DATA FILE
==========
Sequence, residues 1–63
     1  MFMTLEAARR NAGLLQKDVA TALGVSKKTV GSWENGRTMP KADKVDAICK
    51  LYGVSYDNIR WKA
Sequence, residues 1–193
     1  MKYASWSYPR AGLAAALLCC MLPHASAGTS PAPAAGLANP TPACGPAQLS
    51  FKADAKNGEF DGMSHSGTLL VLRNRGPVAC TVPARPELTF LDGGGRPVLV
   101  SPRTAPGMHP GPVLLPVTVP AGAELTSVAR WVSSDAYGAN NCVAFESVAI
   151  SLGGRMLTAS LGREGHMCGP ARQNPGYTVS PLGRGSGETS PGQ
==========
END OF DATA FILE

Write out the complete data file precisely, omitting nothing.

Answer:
Sequence, residues 1–63
     1  MFMTLEAARR NAGLLQKDVA TALGVSKKTV GSWENGRTMP KADKVDAICK
    51  LYGVSYDNIR WKA
Sequence, residues 1–193
     1  MKYASWSYPR AGLAAALLCC MLPHASAGTS PAPAAGLANP TPACGPAQLS
    51  FKADAKNGEF DGMSHSGTLL VLRNRGPVAC TVPARPELTF LDGGGRPVLV
   101  SPRTAPGMHP GPVLLPVTVP AGAELTSVAR WVSSDAYGAN NCVAFESVAI
   151  SLGGRMLTAS LGREGHMCGP ARQNPGYTVS PLGRGSGETS PGQ